“Our frozen wine slush mix, made of all natural ingredients, makes great tasting frozen wine slushes, and works wonderfully with your favorite frozen cocktail recipe. Great with Rum, Vodka, Champange and many other libations.
To make a Frappe Vino wine slush, simply pour the powdered mix into a zip-top gallon sized baggie or a plastic container, add a 750ml bottle of red or white wine (inexpensive will do), and 750ml of water (use the wine bottle as your measuring tool). Place the mix in the freezer, and in 3-5 hours you will have a wonderful frozen wine slush.
Green Tea is the base for our mix. Evaporated cane juice is used as a sweetener and red cranberry juice is used for color. The wine used gives Frappe Vino its’ ultimate color and flavor.”
From: D’Marie’s Website
Green tea in my wine? Sounds like an intoxicant and an anti-oxidant, win-win?! I wonder if the green tea negates any hangover like effects. (We won’t be experimenting with that one, but if you do — let us know!)
D’Marie sent along a 3-pack, and I decided to experiment by trying it two different ways.
GIVEAWAY ALERT! We have a package to give away. Sign-up below to enter to win, we’ll be selecting the winner on Tuesday, September 6 (the last day after the end of the State Fair).
First up: Rose Slush
Since the drink mix is not flavored, it takes on the natural flavors of the alcoholic beverage you mix it with. So, I wanted to try something simple — the idea of drinking a pink wine slushie sounded really appealing! I followed the directions on the package:
1- 750ml bottle of wine (a dry Rose)
1 – 750ml bottle of water
1 – Package Frappe Vino mix
Stir, stir, stir – it takes a good minute or two of vigorous stirring to see all the mix dissolved. The mix itself has a bit of pink in it, combined with the rose wine, made for a very vibrant hue.
I checked the freezer at 3 hours – still liquid. At 5 hours, it was perfectly slushy and I sampled some. The result was a lightly wine-flavored crystallized beverage (with a texture much like a whipped margarita). The added sugar in the mix did make the dry, crisp rose noticeably sweeter but still tasty. I wouldn’t recommend this with a sweet wine unless you like your flavors lip-puckering sweet.
After freezing overnight, it was thicker, but still able to scoop.
Next: MN Uncorked’s Sangria Slush
D’Marie’s website has a number of recipes you can make with the Frappe Vino — from margaritas to cosmopolitans, but I didn’t see a sangria. My husband is all about umbrella drinks (seriously, he likes a good sangria) so I sent about to see if I could come up with something. Inspired by garden-fresh raspberries, and having a taste for a sangria with deep cherry and berry flavors, I used the following:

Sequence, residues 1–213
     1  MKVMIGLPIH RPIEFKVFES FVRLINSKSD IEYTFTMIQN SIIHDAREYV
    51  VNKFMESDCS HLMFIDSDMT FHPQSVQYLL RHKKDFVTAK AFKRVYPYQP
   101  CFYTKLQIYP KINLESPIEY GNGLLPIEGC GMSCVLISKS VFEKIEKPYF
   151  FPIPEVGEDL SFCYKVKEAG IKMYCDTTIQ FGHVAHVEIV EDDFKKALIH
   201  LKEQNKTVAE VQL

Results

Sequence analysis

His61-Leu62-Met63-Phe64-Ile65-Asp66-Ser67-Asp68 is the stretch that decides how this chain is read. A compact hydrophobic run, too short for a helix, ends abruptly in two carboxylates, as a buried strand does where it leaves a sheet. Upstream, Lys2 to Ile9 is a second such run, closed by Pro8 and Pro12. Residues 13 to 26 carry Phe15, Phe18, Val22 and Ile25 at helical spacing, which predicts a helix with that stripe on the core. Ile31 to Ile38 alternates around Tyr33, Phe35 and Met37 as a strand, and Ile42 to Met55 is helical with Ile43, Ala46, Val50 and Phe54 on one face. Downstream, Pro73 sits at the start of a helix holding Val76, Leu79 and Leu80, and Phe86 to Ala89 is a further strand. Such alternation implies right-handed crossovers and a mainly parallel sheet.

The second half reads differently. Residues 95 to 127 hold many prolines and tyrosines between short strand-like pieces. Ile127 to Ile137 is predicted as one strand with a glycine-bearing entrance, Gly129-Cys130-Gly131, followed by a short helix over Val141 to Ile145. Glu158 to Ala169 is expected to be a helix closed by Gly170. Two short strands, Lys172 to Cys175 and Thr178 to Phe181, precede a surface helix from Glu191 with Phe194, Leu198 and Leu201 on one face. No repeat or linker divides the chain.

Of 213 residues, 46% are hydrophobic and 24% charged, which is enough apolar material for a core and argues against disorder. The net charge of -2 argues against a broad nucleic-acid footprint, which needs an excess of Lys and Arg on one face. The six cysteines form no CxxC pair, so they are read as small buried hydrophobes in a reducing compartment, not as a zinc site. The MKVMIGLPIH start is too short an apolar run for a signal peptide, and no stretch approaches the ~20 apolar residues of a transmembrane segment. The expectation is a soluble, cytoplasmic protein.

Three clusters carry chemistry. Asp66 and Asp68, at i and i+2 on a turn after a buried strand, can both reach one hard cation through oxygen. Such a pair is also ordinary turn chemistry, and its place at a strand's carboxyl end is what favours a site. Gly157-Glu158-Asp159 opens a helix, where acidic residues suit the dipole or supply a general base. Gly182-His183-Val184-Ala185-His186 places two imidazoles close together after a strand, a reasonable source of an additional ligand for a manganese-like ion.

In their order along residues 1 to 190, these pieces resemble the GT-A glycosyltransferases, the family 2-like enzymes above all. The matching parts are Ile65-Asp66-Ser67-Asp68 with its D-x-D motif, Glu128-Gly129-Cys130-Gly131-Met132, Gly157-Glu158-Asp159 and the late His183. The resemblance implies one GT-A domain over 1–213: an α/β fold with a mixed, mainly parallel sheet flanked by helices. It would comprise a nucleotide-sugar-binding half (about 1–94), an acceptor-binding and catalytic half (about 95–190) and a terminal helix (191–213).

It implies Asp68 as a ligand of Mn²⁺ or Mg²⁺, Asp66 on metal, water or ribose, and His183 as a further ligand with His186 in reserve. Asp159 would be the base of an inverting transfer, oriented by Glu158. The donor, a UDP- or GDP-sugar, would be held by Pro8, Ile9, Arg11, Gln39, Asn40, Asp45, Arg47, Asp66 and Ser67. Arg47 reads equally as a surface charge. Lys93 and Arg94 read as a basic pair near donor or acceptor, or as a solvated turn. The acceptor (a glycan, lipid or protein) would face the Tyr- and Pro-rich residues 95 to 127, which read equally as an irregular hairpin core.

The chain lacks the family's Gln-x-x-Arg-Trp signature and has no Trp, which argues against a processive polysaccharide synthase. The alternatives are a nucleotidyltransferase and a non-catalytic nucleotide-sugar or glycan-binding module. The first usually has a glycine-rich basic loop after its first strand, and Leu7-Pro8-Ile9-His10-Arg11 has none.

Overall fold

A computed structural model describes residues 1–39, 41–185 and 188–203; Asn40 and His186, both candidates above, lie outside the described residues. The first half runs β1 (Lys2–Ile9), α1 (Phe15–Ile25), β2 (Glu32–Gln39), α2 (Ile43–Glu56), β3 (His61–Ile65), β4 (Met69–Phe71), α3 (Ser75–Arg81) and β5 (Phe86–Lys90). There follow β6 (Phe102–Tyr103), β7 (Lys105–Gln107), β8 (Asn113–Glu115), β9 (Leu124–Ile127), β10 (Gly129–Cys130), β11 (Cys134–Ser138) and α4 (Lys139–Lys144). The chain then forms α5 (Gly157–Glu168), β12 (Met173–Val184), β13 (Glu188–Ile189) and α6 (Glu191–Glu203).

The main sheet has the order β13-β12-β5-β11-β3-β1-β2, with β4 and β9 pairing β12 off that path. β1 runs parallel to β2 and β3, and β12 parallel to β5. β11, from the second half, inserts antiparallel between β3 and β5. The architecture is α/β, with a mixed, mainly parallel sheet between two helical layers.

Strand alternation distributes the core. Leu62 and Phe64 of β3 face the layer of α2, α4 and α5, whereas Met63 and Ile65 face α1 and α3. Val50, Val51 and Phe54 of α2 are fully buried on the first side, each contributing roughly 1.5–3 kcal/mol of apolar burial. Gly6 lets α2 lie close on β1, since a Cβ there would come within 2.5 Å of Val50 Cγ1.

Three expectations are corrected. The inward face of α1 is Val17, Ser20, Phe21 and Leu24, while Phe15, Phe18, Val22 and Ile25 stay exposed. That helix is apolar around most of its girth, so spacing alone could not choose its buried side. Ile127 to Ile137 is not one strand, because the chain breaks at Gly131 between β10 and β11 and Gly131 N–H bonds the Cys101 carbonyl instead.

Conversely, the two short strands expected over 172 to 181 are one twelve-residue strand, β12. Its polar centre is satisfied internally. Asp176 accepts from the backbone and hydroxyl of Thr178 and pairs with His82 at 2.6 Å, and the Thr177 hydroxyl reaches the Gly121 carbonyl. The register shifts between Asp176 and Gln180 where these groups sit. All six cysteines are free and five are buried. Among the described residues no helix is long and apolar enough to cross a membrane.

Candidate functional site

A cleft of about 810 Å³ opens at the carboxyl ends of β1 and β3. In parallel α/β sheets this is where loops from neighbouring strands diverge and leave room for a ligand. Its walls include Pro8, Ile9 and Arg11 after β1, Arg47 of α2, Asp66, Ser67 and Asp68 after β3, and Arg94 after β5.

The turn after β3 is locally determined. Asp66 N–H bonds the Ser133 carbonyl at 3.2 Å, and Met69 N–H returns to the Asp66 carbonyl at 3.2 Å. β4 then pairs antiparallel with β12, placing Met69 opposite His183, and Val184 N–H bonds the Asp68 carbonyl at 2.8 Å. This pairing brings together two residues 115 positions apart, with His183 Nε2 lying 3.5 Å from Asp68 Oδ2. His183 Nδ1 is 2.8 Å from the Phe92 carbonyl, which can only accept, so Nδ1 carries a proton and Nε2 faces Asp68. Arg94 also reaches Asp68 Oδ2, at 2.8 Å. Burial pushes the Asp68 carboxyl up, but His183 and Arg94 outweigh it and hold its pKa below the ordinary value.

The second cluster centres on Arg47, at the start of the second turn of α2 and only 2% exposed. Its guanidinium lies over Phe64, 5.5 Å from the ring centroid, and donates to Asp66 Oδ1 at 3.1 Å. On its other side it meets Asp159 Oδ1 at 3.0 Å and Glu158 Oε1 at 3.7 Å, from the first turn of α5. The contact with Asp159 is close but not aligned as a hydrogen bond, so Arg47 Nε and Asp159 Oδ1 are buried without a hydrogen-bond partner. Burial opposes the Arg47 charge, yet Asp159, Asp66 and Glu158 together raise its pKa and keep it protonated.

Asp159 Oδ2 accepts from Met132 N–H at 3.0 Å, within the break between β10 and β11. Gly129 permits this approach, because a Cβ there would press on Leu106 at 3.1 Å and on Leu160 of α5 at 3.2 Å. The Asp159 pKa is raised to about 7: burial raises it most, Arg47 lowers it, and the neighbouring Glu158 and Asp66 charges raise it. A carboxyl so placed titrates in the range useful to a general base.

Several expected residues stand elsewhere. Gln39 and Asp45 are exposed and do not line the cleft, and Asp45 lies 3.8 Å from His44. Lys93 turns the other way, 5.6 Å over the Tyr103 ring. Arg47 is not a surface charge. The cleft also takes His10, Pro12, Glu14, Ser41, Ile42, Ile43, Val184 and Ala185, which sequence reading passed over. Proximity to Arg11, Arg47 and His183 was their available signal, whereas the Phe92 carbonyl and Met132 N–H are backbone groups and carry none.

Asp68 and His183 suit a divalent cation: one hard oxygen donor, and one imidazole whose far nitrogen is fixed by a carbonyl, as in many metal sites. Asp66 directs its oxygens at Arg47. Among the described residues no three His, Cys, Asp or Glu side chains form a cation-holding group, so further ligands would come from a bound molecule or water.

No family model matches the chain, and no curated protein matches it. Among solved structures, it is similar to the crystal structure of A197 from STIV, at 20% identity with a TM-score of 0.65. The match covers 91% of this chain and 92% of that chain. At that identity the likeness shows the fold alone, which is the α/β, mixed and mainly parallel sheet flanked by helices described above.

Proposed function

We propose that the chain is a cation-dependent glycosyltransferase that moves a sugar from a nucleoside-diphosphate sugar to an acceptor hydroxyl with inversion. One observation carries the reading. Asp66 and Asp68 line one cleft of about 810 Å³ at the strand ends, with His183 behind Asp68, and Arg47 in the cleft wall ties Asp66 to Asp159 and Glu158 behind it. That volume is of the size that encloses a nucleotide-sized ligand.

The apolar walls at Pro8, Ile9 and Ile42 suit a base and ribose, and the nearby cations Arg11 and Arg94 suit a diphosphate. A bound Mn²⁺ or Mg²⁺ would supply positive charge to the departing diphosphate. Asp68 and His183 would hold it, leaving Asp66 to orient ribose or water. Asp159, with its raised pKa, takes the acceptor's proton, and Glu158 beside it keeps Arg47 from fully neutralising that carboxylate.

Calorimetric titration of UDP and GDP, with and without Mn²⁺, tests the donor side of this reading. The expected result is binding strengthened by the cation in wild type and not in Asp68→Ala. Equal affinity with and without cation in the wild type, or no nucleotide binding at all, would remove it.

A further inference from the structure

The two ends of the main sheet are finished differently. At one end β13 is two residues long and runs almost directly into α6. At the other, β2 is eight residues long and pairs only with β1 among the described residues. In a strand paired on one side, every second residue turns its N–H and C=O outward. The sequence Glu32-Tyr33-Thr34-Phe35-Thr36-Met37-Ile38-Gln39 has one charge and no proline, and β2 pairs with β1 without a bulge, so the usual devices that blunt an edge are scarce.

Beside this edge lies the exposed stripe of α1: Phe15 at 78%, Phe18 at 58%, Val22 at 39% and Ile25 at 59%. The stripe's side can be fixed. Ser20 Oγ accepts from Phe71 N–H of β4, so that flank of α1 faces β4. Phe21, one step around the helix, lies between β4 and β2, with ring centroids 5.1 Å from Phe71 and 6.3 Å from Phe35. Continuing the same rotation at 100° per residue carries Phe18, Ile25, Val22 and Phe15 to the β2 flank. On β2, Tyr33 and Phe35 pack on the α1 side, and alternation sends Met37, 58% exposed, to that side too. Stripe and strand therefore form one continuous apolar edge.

1 – 750ml bottle of Pinot Noir
1/4 C – Cherry juice
1/3 C – Pineapple juice
1/2 C – Brandy
1 Apple, chopped fine
1 C Fresh raspberries
1 Package Frappe Vino
When serving: Mix 1/2 sangria and 1/2 sparkling water (do not mix in the sparkling water before freezing, it will either a: de-carbonate when freezing— if your container is not completely sealed, or b: if your container is really well-sealed, it container could burst, leaving you with a freezer-catastrophe).
In a pitcher, I added the liquids and Frappe Vino mix. Once well mixed, I gently stirred in the fresh fruit. Checking the freezer at approximately 3 and 5 hours – the sangria still wasn’t slushy.
Perhaps the alcohol content was too high to form a slush? Checking again 9 hours it was thick, but not slushy. I sampled some (mixing 1/2 sangria with 1/2 sparkling water). The result? A pretty tasty sangria, albeit a touch sweet and syrupy for my taste buds (flavor alert: I’m preferential to dry, so that should be taken into account).
Fast-forward overnight: The next morning, the sangria was frozen pretty solid. I’m no chemist, but clearly the higher alcohol content prevented it from freezing as fast, but it did in fact freeze more solid than the rose slush which remained… slushy. 5 minutes out of the freezer, the sangria was again scoop-able to serve.
I had a good time with these. Something buzz-worthy to offer at your next cocktail party, or a fun novelty gift — but at $13 for a single ($30 for a three-pack) I find the price a bit steep. I’m also unapologetic-ally thrifty, though.
Interested in having Minnesota Uncorked review something for you? Learn more about that here.